Nomos Glashütte Autobahn: Pedal To The Metal!
As the name suggests, surprising departures can be, well, surprising.
Our brains use patterns to develop an idea of what a thing is and what it isn’t so that they don’t consume unnecessary energy in constantly reevaluating what we appear to have evaluated before.
Our brains are prediction machines.
This practice can be very valuable to many aspects of our lives: using accepted ideas helps navigate our day-to-day activities.
But sometimes preconceived ideas cause people to judge too harshly or too leniently. And our brains deliberately deceive us by avoiding obvious facts or dismissing contradictory information simply because it doesn’t fit into the established framework.
Porsche is a good example. Since the early 1960s when the original 911 was introduced, Porsche has been known – for good reason – as a high-performance sports car manufacturer. Every model was created to appeal to drivers who wanted racing performance in a street-legal vehicle. This provided an understanding that Porsche made serious sports cars.
In 2002, when the Cayenne, a mid-sized luxury crossover SUV, was introduced, the reaction was very mixed as may could not reconcile the fact that a sports car manufacturer would make something so “pedestrian” as an SUV.
The Cayenne did not fit the mental model of Porsche, so despite the badge (and price tag), it wasn’t a “real” Porsche.
This left three choices:
1. Ignore the Cayenne and continue with the mental model that Porsche exclusively made sports cars for “real” drivers.
2. Reject the Cayenne and decide that Porsche was effectively dead as a true enthusiasts’ car manufacturer.
3. Accept the Cayenne revise the mental model to the fact that Porsche now made both high-performance sports cars and more practical luxury vehicles (all with healthy performance).
The Cayenne went on to become the bestselling Porsche model in North America numerous times the last decade, alternating its number one position with the 911 .
Clearly the public chose option three, but it did take four years to become the highest selling model, and there are many Porsche enthusiasts to this day who maintain that the Cayenne, along with the later-released Panamera and Macan, are not true Porsches.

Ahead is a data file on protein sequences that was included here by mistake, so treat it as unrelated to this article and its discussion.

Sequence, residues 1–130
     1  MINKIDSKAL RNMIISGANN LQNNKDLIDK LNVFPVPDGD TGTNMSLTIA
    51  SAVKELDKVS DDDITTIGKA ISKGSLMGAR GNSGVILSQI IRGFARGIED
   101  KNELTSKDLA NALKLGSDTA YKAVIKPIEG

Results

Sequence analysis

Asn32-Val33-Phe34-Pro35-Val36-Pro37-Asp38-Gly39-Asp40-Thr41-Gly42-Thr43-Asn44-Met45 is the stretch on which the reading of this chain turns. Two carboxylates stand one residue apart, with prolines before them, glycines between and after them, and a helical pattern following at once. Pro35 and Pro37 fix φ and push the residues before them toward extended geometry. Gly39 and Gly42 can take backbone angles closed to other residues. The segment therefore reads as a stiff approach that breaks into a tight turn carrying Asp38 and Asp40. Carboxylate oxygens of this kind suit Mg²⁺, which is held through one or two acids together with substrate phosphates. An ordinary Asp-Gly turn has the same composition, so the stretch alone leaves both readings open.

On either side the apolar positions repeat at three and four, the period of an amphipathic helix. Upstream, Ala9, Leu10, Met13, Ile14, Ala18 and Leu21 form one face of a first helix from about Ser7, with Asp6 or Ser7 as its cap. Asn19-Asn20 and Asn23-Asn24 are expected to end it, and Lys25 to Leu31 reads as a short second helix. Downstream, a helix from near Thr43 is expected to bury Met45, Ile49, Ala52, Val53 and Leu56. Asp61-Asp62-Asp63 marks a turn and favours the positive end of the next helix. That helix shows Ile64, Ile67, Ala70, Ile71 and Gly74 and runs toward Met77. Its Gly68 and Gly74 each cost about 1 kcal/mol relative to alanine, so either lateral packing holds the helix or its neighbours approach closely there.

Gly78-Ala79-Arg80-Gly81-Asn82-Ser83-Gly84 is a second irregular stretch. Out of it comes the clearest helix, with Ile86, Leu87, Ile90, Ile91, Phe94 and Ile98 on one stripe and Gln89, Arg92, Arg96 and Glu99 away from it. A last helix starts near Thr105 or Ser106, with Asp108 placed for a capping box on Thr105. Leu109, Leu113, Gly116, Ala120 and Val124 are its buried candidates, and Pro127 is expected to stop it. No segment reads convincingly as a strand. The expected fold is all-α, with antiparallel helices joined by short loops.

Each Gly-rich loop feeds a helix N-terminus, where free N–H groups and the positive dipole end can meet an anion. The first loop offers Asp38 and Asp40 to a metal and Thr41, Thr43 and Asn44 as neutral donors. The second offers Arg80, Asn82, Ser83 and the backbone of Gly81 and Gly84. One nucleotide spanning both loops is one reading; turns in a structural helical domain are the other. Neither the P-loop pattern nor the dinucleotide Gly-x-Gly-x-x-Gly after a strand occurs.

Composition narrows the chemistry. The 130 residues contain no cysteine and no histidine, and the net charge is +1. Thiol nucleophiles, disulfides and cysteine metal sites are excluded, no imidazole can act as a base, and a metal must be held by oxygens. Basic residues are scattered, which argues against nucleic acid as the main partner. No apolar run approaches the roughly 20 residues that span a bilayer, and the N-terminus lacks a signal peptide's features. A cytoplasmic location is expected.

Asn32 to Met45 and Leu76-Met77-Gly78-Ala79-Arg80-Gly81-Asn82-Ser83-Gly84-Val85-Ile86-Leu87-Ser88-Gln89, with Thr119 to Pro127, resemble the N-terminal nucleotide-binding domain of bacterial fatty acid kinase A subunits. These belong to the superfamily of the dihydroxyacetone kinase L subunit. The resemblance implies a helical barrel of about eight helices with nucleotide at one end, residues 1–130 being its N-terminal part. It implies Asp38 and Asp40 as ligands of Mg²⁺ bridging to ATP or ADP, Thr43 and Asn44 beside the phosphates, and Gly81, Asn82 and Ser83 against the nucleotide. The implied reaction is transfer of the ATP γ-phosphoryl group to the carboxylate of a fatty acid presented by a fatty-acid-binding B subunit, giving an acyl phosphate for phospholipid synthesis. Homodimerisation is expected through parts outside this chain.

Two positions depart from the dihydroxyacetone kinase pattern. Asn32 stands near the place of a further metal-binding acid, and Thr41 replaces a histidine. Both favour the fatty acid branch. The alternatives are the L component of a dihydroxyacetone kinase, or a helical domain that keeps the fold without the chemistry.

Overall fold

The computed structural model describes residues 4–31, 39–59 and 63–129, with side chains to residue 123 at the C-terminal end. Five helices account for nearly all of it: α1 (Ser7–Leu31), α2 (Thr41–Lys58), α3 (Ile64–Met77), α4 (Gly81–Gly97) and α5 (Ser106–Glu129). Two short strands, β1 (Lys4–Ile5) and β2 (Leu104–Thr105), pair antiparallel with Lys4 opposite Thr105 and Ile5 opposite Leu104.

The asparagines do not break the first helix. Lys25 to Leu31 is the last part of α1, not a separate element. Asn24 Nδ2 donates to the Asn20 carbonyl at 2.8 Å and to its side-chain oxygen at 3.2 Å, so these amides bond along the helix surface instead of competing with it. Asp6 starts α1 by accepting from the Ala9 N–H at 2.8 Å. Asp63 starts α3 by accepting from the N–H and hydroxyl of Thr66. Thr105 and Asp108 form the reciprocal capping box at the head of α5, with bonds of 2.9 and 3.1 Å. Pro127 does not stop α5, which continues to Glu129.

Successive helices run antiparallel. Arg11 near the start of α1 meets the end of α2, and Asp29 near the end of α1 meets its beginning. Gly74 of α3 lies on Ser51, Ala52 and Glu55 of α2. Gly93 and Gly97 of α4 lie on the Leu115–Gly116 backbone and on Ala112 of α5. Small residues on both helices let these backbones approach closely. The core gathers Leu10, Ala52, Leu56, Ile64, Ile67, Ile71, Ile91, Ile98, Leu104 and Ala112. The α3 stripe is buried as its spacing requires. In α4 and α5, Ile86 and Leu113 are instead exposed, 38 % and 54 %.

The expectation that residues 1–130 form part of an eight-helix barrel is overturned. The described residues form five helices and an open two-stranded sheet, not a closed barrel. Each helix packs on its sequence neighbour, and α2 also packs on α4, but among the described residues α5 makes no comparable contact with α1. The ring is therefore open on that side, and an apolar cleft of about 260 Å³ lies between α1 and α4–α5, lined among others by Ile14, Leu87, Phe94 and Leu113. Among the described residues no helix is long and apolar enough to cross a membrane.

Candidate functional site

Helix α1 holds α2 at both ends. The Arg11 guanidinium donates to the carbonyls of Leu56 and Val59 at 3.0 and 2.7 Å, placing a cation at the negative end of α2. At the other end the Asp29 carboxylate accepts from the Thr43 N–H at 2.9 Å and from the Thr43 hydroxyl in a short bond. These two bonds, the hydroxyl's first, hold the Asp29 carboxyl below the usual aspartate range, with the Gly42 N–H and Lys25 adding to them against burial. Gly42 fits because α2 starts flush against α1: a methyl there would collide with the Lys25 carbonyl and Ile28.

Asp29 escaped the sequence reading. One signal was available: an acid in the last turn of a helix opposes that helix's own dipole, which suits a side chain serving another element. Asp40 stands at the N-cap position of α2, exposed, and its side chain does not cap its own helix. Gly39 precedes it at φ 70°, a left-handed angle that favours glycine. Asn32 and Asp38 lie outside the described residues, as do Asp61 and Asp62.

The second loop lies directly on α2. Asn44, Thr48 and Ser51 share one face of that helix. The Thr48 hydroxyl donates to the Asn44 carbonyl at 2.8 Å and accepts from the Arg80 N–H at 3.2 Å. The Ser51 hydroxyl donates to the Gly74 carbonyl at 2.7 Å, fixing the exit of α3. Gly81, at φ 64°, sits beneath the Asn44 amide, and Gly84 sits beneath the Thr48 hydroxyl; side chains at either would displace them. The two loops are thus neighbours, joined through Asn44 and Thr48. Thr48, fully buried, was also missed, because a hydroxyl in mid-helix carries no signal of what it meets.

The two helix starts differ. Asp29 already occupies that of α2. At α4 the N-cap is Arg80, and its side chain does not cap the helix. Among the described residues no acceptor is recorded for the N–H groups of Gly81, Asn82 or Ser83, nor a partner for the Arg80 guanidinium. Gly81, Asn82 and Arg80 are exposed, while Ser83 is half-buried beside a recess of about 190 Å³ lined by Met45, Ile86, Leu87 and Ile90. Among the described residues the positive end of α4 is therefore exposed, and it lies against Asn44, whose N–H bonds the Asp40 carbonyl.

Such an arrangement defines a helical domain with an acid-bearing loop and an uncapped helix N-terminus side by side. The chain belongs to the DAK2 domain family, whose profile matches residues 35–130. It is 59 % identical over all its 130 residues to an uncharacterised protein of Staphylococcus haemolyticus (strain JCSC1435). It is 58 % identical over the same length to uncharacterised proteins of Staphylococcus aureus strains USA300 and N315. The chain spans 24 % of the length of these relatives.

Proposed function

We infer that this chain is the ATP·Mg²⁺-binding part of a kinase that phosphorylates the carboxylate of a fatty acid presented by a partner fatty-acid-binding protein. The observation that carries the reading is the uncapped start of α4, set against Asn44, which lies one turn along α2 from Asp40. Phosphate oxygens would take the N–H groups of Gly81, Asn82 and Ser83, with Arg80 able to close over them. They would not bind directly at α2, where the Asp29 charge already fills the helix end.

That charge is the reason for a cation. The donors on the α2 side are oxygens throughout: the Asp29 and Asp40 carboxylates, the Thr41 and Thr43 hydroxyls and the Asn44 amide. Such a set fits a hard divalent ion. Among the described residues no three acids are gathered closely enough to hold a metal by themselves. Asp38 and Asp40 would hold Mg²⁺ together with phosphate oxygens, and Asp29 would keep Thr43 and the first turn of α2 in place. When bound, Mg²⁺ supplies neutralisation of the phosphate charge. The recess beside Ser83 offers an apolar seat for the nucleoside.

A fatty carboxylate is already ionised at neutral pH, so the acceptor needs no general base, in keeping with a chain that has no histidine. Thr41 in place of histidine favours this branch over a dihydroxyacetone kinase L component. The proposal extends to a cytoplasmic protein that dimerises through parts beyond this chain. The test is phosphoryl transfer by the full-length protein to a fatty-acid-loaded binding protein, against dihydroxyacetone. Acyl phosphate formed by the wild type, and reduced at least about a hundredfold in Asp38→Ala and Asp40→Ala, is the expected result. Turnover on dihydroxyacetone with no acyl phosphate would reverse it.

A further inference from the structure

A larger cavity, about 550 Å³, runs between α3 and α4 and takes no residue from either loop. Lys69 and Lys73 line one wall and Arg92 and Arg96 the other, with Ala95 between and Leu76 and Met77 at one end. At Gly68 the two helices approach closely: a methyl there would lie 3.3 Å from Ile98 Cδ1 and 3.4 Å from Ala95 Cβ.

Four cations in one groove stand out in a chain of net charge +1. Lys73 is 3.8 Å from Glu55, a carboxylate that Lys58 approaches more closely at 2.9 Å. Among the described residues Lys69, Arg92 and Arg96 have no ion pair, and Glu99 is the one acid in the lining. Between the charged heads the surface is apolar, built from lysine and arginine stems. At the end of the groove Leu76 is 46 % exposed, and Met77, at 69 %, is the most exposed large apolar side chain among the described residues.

And that’s okay; each to their own.
Nomos Glashütte Autobahn
At Baselworld 2018, Nomos launched a new model line that called the Autobahn, which, to put it mildly, ruffled the feathers of quite a few devoted Nomos acolytes. The automotive-inspired design of the Autobahn is a significant shift from the usual Nomos fare, so requires a resetting of mental models.
The new Autobahn is awesomely different, and that is exactly why it’s testing some enthusiasts’ long-held notions as to what exactly defines Nomos Glashütte.
Strong opinions, weakly held
The new Autobahn is a highly contentious design. But I’m not sure the contention actually originates in the design, but rather in who is behind the design.
If the Autobahn had been launched on Kickstarter, or come from a brand like Autodromo, the reception is likely to have been much more positive. There are always haters, just as there are those who praise every new dial color on a Rolex as a revolution.
But the Autobahn is an outlier, and as they say, the squeaky nail gets the hammer.
The design is not expected from Nomos, and it supposedly flies in the face of the Bauhaus aesthetic of minimal “design,” allowing function to drive form with no need for superfluous flourishes and complication for the sake of added beauty.
I will be the first to admit that it definitely isn’t dominated by a flat white dial with square numerals and black stick hands in a sterile case; it has curves to it and it has sensuousness about it. The Autobahn is Nomos Glashütte dipping its toes into some new water and seeing how it goes.
The objective of this watch wasn’t to fit perfectly into a square hole to sit neatly beside the Tangente or the Tetra; it was a created to try out a new design space, allow for options that didn’t previously fit within the current models.